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Re: [css-text] feedback on hyphenation

From: Peter Moulder <pjrm@mail.internode.on.net>
Date: Wed, 19 Feb 2014 22:27:29 +1100
To: www-style@w3.org
Message-ID: <20140219112728.GA29020@mail.internode.on.net>
On Wed, Feb 12, 2014 at 02:17:20PM +0000, Håkan Save Hansson wrote:

> There are some language specific special cases with hyphenation. In Swedish for instance, if you write the two words "matta" (carpet) and "tjuv" (thief) as one you write it as "mattjuv", with two t letters. This should hyphenate into "matt-tjuv", with three t letters. This is not a hyphenation rule, but rather a type rule: when you write two words as one, there may never be more than two of the same letters where then two words concatenate.
> 
> If you want to use a manual soft hyphen (&shy;) for such a word you're in trouble. My suggestion is that when you write "matt&shy;tjuv" in text and it is displayed without hyphenation, it respects this rule and suppresses one of the three letters t. I don't know if such a rule could have a negative effect on texts in other languages, but I don't know of any language allowing three subsequent letters.

If it's relevant: modern German retains original spelling of components
up to three successive same letters (though this has changed over time,
e.g. Flussschifffahrt was previously written Flußschiffahrt).
(I don't know how this word should be hyphenated if it appears in the middle
of some Swedish text.)

Regarding "hyphens-[Maximum count of same letter before and after hyphen]: 2":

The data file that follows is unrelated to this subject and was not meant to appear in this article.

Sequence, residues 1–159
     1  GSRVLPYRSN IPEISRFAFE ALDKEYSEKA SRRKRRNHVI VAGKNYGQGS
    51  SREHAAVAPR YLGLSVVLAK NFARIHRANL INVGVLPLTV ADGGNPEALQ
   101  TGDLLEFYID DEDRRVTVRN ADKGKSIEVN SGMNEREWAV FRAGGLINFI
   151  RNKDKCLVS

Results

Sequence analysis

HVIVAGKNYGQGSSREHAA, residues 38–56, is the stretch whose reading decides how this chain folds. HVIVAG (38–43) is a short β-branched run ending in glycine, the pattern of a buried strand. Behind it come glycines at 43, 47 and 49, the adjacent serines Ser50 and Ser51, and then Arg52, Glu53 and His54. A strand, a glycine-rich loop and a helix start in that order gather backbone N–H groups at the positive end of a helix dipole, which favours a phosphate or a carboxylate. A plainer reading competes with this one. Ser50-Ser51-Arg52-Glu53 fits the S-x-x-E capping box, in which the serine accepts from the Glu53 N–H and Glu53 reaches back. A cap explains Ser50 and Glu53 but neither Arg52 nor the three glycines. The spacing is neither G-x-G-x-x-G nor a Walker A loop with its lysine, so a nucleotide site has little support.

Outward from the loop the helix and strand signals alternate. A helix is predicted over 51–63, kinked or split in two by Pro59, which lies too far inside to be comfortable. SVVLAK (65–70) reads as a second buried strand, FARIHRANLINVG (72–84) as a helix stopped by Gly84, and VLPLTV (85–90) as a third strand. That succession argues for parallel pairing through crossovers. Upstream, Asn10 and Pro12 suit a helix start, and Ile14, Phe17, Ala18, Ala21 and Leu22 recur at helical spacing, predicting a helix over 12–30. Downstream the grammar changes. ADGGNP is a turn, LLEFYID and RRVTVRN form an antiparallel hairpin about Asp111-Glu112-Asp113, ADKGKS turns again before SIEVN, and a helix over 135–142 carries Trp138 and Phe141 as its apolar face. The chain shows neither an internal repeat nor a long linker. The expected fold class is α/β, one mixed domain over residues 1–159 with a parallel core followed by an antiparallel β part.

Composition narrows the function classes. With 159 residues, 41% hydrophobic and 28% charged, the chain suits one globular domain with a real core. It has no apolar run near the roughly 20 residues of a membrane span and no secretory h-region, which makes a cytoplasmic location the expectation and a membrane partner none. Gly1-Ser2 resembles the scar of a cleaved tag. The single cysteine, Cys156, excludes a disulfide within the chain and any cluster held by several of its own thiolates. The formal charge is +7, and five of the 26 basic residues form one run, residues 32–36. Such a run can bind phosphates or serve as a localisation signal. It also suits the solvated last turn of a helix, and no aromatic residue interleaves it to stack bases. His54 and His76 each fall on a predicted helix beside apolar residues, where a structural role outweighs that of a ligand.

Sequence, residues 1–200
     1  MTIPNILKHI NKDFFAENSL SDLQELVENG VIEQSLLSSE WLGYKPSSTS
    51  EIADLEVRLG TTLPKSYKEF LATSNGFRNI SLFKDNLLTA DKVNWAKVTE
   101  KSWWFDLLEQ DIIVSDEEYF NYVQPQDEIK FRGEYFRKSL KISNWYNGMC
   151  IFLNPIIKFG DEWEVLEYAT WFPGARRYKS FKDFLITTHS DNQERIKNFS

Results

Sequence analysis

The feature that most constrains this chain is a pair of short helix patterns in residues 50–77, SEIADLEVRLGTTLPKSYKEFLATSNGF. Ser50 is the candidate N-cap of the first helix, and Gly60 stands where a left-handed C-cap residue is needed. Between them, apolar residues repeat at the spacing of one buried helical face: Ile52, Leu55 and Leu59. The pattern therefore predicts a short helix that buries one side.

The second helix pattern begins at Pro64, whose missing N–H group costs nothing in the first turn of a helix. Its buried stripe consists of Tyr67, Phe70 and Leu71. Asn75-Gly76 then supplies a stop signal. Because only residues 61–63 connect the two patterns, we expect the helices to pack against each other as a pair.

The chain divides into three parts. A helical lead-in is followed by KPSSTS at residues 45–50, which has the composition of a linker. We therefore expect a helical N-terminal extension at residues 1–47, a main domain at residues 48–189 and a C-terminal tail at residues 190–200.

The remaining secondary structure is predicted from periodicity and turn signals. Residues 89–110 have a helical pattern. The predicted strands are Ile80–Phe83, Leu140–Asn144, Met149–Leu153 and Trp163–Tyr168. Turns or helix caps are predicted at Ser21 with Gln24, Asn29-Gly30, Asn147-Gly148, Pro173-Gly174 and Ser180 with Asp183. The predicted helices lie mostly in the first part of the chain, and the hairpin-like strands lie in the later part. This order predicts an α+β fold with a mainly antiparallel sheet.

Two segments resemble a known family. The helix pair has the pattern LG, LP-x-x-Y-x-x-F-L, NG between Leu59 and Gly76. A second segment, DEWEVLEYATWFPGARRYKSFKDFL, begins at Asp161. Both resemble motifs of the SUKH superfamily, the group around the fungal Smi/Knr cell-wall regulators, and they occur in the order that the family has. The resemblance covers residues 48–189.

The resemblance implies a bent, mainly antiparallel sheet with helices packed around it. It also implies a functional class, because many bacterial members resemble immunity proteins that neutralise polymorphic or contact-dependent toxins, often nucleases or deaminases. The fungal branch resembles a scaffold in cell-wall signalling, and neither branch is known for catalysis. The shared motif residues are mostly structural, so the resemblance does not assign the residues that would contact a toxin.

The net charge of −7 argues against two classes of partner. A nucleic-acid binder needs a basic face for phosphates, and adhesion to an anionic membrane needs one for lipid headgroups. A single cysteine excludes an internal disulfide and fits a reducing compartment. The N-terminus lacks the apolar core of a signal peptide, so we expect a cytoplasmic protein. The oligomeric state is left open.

although not an absolute, we'd usually try to avoid having the document render
with misspellings when the stylesheet fails to load.

One could say that this problem is just a specific instance of faulty
hyphenation software, and should be reported as a bug in that software rather
than a bug in CSS or HTML.

That said, there are very likely other cases where some content uses a
made-up word (such as "fragmentainer"), and the content author wishes to
provide dictionary-like information such as hyphenation (for visual user
agents), pronunciation (for aural user agents), part-of-speech tag (to help
parsing, e.g. to help aural user agents with sentence intonation) and so on.

For the "made up word in particular content" case, I would lean towards
considering the document language (such as HTML) as the more appropriate
place for the author to provide this information.  But if it were to be done in
CSS, then one model would be to use a "data:" URI in dictionary-like properties
such as the former 'hyphenate-resource' property.

pjrm.
Received on Wednesday, 19 February 2014 11:27:57 UTC

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